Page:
SYMPIUS: Wearable Devices Now Make Perfect Sense with SPINT!
SYMPIUS has proposed a revolutionary SPINT technology that allows the user to enter commands and text on a screen of any size, even one that's smaller than a penny, or about the size of your fingerprint.
January 14, 2014 (Newswire.com) - SYMPIUS: Wearable Devices Now Make Perfect Sense with SPINT!
At this point in time, all experts agree that the future of wearable technology seems uncertain.
Though there is a subliminal feeling that wearables are the future, the technology has glaringly obvious restrictions, the main of which is the small size of the screens, which make the touchscreen-based "point-and-tap" interaction almost useless.
Now, SYMPIUS, a Palo Alto based startup, has proposed a revolutionary SPINT technology that allows the user to enter commands and text on a screen of any size, even one that's smaller than a penny, or about the size of your fingerprint.
For a demonstration, you can check out the startup's KICKSTARTER campaign page.
Starting with the days of introduction of mouse-driven GUI for the XEROX Alto computer (1973), all human-computer interaction has been based on the "select by position on screen" approach, which has worked well for big screens, but hasn't been ideal for their smaller counterparts.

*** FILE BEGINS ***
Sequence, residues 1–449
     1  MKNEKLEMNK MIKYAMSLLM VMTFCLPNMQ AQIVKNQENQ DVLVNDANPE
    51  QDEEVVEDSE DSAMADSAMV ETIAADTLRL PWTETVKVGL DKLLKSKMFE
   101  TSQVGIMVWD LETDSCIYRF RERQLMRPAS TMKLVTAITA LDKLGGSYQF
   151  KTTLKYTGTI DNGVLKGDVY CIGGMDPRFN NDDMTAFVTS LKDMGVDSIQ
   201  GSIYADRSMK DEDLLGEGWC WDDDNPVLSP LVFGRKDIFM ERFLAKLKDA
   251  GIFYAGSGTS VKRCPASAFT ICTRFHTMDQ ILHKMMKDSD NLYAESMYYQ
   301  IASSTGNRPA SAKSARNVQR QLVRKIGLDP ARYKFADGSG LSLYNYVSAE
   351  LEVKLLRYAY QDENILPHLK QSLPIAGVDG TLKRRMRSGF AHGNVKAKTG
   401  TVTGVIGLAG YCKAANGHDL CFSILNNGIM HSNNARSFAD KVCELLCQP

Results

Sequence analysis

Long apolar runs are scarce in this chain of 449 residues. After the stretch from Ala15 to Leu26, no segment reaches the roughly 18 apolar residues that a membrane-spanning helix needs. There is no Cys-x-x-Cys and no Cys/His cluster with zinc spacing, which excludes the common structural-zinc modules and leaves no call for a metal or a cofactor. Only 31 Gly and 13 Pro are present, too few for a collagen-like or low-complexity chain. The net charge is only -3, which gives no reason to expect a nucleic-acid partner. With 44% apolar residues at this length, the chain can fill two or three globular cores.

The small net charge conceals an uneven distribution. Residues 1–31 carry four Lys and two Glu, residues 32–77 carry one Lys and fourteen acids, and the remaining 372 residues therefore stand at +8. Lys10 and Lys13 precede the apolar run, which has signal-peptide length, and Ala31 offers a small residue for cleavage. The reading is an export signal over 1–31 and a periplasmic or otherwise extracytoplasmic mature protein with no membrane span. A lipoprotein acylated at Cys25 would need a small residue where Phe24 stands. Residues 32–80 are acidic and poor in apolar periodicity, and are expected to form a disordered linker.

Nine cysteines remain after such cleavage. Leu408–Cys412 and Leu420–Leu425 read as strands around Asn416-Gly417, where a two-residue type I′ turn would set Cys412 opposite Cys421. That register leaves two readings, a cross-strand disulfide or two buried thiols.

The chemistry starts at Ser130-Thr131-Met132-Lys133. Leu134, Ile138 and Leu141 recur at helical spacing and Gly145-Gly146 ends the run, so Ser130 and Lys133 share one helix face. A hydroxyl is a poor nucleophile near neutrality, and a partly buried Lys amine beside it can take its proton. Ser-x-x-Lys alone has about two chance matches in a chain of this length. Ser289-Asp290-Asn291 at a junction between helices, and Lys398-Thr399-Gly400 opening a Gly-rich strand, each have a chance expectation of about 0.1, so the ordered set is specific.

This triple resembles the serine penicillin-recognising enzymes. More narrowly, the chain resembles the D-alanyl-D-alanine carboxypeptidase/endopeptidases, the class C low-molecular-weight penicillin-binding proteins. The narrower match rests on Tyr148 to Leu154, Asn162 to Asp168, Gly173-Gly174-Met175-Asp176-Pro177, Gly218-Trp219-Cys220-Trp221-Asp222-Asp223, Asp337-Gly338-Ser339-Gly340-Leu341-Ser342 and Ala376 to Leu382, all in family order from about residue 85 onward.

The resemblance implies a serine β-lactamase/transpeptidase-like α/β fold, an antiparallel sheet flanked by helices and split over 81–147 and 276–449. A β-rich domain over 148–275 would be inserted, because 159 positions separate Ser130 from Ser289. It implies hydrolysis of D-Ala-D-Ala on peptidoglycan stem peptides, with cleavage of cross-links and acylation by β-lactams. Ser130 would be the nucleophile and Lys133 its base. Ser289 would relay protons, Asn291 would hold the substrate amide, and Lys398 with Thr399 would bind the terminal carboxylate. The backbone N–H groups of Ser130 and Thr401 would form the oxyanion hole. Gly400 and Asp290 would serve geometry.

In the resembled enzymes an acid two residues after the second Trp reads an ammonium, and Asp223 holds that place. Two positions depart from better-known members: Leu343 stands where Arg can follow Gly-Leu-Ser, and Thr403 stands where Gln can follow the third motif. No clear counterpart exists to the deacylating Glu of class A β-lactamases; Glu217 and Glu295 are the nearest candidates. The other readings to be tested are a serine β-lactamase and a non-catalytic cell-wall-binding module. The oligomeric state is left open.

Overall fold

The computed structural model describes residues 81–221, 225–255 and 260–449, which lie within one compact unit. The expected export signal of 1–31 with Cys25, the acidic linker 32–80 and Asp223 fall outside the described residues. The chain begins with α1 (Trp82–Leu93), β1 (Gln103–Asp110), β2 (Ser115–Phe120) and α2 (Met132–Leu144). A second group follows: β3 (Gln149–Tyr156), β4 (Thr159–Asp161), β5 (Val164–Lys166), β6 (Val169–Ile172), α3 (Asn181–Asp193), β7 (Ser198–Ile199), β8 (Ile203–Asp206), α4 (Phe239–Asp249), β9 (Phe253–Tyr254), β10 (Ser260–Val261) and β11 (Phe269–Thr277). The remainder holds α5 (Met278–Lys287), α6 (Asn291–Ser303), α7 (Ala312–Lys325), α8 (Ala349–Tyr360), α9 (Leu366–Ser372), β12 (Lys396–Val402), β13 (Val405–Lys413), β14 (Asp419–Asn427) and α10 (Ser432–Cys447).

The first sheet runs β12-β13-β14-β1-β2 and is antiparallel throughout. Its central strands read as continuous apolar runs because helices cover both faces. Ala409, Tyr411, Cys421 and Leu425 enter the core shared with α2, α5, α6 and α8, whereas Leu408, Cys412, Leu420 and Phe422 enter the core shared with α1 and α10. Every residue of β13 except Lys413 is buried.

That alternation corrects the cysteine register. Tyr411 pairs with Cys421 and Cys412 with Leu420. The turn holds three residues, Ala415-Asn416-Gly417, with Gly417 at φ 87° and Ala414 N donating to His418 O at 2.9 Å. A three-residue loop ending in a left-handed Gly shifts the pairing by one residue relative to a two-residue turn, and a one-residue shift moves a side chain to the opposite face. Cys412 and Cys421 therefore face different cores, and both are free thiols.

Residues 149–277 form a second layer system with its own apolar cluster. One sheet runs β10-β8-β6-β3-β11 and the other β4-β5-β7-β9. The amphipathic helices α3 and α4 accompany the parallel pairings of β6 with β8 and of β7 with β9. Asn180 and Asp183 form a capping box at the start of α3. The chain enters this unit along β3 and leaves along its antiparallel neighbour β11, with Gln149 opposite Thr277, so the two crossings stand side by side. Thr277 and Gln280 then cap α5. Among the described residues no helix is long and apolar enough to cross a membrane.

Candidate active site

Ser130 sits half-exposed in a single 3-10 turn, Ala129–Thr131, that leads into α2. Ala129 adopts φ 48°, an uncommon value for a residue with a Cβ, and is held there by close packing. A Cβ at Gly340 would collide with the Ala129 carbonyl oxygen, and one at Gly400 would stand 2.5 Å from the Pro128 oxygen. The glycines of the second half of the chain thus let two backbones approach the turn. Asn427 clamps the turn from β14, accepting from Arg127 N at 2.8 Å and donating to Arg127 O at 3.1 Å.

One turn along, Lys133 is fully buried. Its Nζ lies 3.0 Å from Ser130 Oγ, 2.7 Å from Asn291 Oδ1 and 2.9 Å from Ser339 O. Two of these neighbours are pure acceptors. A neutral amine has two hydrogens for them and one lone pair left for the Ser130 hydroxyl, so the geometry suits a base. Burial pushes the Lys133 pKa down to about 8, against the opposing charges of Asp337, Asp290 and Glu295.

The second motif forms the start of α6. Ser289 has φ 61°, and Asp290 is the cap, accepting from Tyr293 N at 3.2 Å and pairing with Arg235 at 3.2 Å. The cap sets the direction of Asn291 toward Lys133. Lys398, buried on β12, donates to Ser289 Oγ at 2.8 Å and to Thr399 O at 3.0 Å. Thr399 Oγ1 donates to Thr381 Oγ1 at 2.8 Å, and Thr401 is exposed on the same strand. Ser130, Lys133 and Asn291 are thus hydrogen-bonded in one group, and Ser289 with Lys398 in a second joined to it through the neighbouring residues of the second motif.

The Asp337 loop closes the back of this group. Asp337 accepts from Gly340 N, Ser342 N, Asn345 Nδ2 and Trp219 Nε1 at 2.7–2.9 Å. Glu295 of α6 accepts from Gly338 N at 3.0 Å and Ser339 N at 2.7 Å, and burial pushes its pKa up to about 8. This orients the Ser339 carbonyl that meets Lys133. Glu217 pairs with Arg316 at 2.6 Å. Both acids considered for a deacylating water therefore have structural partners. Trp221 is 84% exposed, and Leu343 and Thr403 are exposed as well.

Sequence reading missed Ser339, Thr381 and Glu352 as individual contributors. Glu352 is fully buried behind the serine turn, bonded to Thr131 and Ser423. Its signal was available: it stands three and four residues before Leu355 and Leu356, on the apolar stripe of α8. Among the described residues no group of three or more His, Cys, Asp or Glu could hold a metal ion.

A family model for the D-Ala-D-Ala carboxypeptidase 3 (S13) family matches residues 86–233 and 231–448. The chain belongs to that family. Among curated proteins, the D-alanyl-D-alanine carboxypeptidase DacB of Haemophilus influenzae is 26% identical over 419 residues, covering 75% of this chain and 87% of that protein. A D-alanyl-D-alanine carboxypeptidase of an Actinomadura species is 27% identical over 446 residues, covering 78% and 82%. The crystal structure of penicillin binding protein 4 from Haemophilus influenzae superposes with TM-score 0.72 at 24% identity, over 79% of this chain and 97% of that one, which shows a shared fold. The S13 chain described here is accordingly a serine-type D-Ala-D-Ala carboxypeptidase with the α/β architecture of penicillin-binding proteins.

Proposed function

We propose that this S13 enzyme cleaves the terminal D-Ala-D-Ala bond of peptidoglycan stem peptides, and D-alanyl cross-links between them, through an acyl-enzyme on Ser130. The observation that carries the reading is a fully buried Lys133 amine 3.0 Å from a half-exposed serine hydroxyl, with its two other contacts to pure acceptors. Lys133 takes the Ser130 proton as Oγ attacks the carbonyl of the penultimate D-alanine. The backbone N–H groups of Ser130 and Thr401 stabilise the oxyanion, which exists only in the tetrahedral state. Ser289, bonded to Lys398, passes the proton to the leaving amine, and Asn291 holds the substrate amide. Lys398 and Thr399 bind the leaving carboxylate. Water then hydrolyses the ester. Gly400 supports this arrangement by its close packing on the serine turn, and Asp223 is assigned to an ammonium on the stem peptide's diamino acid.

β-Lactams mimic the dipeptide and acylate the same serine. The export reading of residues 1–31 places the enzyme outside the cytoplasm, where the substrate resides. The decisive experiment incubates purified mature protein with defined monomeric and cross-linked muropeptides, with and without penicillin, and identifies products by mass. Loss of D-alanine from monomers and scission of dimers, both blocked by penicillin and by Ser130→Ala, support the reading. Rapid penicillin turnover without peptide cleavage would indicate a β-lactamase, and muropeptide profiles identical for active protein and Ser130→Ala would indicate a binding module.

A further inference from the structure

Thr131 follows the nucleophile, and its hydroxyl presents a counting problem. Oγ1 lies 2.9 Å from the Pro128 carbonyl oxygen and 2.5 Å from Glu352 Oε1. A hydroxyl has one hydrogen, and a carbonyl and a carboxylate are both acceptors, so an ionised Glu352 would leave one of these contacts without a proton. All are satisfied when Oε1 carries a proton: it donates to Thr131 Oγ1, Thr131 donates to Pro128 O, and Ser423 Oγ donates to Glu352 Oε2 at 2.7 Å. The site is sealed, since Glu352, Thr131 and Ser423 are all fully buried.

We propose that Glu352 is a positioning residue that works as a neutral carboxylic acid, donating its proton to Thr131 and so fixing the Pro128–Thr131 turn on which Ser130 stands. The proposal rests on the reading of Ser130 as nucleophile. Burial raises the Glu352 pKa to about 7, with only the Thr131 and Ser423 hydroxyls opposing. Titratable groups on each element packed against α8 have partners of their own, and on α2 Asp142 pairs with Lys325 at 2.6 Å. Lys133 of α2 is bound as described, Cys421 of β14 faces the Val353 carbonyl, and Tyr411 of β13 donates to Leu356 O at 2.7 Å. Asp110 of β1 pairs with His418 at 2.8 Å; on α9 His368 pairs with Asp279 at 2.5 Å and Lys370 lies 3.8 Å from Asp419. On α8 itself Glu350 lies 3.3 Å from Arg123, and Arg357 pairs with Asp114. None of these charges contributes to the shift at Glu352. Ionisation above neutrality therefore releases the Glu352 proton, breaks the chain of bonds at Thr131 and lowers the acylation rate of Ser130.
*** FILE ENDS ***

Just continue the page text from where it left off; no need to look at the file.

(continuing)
SPINT (State-Point Interaction) — is a patent-pending technology that fixes the small-screen-size shortcomings of the traditional GUI. Instead of using interface elements that are selected by a pointer (cursor, stylus or finger), SPINT uses self-gated controls that are selected in a user's head, and triggered by either tapping, sliding or shaking the device. SPINT doesn't require a touchscreen capability. Even if your screen is smaller than a penny, you will still be able to enter commands and texts on your device.
SPINT may just look like an interesting gimmick that fixes the problem of interaction with small screens, but it's a technological quantum leap, because SPINT effectively changes the WIMP (window, icon, menu, pointer) paradigm into a WIMS counterpart, where "P" (pointer) is replaced with "S" (state). The technology also creates amazing new possibilities. SPINT makes wearables make more sense, since it allows users to effectively work with small screens, just as they do with smart phones and tablets.
What does SPINT provides aside from the possibility of entering commands and text into small screens? Amazingly, SPINT technology has opened a range of completely new possibilities that have never existed before, such as helping disabled people to better interact with any kind of computing device.
Just think about the possibility of unlocking your phone and entering your password at the same time with a single, not-continuous gesture; or making a phone call (let alone, math calculations) with one hand by simply shaking your device (a convenient feature for smart watches), or securely entering your password, even when a group of people is intently looking at your screen.
SPINT technology isn't only bound to small devices; it can go far beyond this scope, even to space where astronauts, wearing thick gloves, would be able to control wearable tablet-like devices attached to their sleeves.
If would like to find out more details about SPINT technology, you can see it yourself at sympius.com
Categories: Computers and Software